These two have been inseparable since day one. They are two of a kind. They play ball together, they swim together... they might as well be connected at the waist. I never met two others that were meant to be together more than Victoria and Howie.
Victoria and Howie on Aubergine, Jersey City, NJ, 2007?, Juliana Beasley
This photo was taken shortly after I found Howie abandoned and tied up under a bench in our neighborhood park. He was still just a pupster
I have just received some incredible news and felt the importance of sharing it with you. My friend Gabriella Gomez-Mont, a cultural inspiration and leader has been nominated to carry the torch for Mexico in London in 2012 Olympic Games!
I think this is wonderful. We need more people involved in the arts and who support the arts to be visible in the mainstream. We need to get our cause out there. Something simple here about Gabriella. I have a larger bio at bottom of post.
Gabriella Gomez-Mont is a cultural promoter, writer, filmmaker and TED Senior Fellow. She is simply someone
who cares about the arts and has provided guidance and support to other artists including myself for many years. She gives opportunities to artists that otherwise could not afford to participate in art projects. This is just the basics for now.
I am asking you to vote for for Gabriella. And ASAP! Below, you can read why we need to vote for her as artists and art lovers. But, first let's not waste our time. We only have till 11pm EST to get our vote out there.
It is incredibly simple. You just click on the link.
In fact, you can even vote several times if you do so from a different IP or both your phone and a laptop
Pass the word around! Thanks!!!
Now, about Gabriella Gomez-Mont!
Gabriella Gomez-Mont is a cultural promoter, writer, filmmaker and TED Senior Fellow. She has received various recognitions and awards for her work in various fields, as well as helping promote creative excellence in Mexico.
In the year 2000 she received a year-long grant at Fabrica, the creative laboratory and art center based in Italy. In the year 2001 she worked in the editorial department of the Aperture Photography Foundation, in New York. In 2002 Gabriella returned to Mexico after receiving the Jóvenes Creadores grant that the Mexican government gives to young artists, and then, in 2003, one of six grants given by Teratoma (a group composed of many renowned artist, art historians, critics, anthropologists, etc., based in Mexico) for an intensive and exclusive year-long course dealing with curating contemporary art and critical theory imparted by important figures of the national and international cultural arena.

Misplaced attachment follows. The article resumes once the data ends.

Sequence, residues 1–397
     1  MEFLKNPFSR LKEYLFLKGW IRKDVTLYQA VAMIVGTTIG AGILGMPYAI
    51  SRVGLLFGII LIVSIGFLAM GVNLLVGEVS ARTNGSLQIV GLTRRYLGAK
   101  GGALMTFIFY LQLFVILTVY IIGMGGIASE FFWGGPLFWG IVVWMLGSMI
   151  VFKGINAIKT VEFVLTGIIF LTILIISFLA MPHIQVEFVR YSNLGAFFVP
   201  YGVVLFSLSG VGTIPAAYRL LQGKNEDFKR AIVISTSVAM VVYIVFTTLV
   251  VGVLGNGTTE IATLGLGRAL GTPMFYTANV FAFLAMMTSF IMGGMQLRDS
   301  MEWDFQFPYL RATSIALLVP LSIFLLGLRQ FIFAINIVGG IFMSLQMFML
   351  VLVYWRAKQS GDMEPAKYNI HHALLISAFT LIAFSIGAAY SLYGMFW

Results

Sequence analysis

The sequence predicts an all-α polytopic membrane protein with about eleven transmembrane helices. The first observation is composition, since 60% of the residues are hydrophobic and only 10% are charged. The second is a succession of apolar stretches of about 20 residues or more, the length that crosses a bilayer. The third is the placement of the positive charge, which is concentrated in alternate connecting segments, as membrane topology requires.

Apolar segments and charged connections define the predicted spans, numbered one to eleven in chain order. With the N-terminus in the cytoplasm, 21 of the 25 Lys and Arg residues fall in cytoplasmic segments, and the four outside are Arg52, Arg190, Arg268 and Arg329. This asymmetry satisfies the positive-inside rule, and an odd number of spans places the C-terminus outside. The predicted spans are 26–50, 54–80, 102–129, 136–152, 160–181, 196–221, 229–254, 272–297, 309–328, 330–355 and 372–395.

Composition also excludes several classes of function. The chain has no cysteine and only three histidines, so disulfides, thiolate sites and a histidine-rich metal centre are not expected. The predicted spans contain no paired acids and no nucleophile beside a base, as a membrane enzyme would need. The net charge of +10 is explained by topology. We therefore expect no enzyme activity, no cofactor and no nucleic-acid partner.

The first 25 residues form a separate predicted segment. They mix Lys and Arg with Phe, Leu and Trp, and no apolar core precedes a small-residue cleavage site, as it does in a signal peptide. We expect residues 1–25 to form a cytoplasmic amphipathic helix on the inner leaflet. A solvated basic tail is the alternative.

As a visual artist Gabriella has been part of exhibitions in Europe, Japan, the USA and Mexico; and her work has been published in various magazines and books such as “From Chaos To Order and Back” by Electa. She has also done creative work for companies such as MTV International, Nike, Benetton and the WWF.
As a writer, she has collaborated with national and international publications such as Colors (Italy), Step Inside Design (New York), Contemporary (UK), Eye (UK), Acido Surtido (Argentina), -ism (Holand), Luna Cornea (Mexico), Fahrenheit (Mexico), Travesias (Mexico), Código Postal (Mexico), etc. She is also part of the editorial board of Replicante and Fahrenheit magazine, and Gabriella was also associate editor of the Colors Issue on Mexican Telenovelas (Soap Operas) and guest editor for a world-wide Vice Magazine special issue on Mexico City. She has also worked as a producer for editorial projects for The New York Times, Culture & Travel, Vogue Homme, Colors Magazine and visiting international artists.
In the year 2004 she founded Tóxico: Cultura Contemporanea and Cine Abierto (dedicated to promoting independent cinema). In that same year Gabriella co-founded Laboratorio Curatorial 060, an experimental collective made up of artists, philosophers, art historians and architects that are interested in questioning the ideas that define and contain contemporary cultural practices. LC 060 has created projects for many of Mexico´s most important cultural institutions such as the Carrillo Gil Contemporary Art Museum, Art & Idea, CANAIA, etc. LC 060´s latest (and running) project has earned both national and international grants for it´s production (such as the Prince Claus Fund from Holland, and FONCA from Mexico ) and was recently awarded first place in the BEST ART PRACTICE AWARD, a coveted international prize given by the Italian government for the best experimental curatorial project of the last 5 years.
In May 2009 she was selected as one of 25 international TED Fellows 2009, and is now also a TED Senior Fellow 2010-2013.
And she is now filming her first feature-length documentary with the support of the FOPROCINE national cinema grant.
No good can come of this. Photograph, Lauren Simonutti.
OK, I did say full disclosure in the form of self-portraits and writing. I said that in my last post. And I am not delivering this week or at least not yet. Instead of looking inwards. I am looking outside of myself and not necessarily with any objectivity.
Self-portraits... Now, that feels a lot more challenging and daunting than taking photographs of someone sitting in front of me. Just me alone with my camera. Vulnerable performer or liar fool.
Who will I be? Solitude, reflection, no distractions. Just me talking to my camera. My soliloquy, my silence, my boredom, my melancholy and mania. An inescapable meditation.
How do those self-portrait photographers do it? If you are not presenting yourself as someone other than yourself, how do you be yourself with yourself and present yourself as yourself? Do I seem shallow here? Or maybe just in some mild form of a demented state about who I am and what this person "Juliana" does alone?